Sessions were video-recorded for the purpose of examining procedural integrity after completion of the trial. A checklist of content items for each session was developed based on information from the MYmind manual. It included specific activities that were listed on the first page of each session in the manual (e.g., breathing space and inquiry, walking meditation) and non-specific session items described in facilitator training (e.g., setup, materials, and facilitator’s behavior). If an item referred to another group (i.e., if list included a combined parent and child activity), they were included in both checklists. This resulted in unique checklists with a range of items (9–15 items) depending on session requirements. Raters scored items on the checklist as either complete (if the item was completed as described in the manual) or incomplete (if the item was either partially completed or not completed within the session). A total of 30% of the recorded sessions (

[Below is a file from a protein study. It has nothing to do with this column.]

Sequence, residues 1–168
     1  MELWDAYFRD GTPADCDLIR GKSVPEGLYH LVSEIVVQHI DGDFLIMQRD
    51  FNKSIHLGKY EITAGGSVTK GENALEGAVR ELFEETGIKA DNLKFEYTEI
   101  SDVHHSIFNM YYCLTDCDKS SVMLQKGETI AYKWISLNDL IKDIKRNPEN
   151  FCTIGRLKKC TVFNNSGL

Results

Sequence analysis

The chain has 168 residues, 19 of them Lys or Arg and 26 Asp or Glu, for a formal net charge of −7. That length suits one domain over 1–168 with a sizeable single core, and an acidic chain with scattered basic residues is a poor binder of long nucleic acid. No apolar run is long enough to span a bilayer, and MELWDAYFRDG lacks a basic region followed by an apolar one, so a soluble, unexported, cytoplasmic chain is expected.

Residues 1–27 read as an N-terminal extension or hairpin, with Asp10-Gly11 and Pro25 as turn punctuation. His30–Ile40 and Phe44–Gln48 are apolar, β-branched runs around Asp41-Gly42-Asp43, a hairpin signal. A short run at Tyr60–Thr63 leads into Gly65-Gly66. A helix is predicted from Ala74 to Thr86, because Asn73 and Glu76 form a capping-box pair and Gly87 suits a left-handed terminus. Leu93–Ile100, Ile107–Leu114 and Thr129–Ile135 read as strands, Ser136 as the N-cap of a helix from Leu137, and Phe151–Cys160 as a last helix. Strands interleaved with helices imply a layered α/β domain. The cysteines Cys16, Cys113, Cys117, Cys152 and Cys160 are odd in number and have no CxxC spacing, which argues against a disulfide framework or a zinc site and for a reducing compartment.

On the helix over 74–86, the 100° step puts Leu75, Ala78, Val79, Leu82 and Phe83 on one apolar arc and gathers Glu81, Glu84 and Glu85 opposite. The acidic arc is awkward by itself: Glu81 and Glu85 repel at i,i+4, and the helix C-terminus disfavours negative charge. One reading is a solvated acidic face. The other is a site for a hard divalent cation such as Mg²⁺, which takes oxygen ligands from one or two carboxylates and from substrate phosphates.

n = 30) were evaluated for procedural integrity, 46.7% (
n = 14) of which were double scored to check for inter-rater reliability. Sessions were chosen for review randomly and included an evaluation of both youth and parent sessions. Raters achieved a mean of 97.3% (range 89–100%) inter-rater reliability across double scored sessions using point-by-point correspondence calculations. Across 30 sessions, facilitators/co-facilitators achieved an average of 80.5% procedural integrity, with a median score of 85% (range 45–100%). Scores were negatively skewed as a result of 7 sessions that were below 75% adherence. Common issues included items not being completed and meditations and activities being replaced by something other than what was noted in the manual (though they may have targeted the same thing), and all elements of the item not being completed as described (e.g., missing inquiry after a meditation, missing activity within introduction of topic). Due to the small number of items on each checklist, overall percentages were greatly affected by each incomplete item. In addition to this, for one of the sessions reviewed, the facilitator completed the session out of order.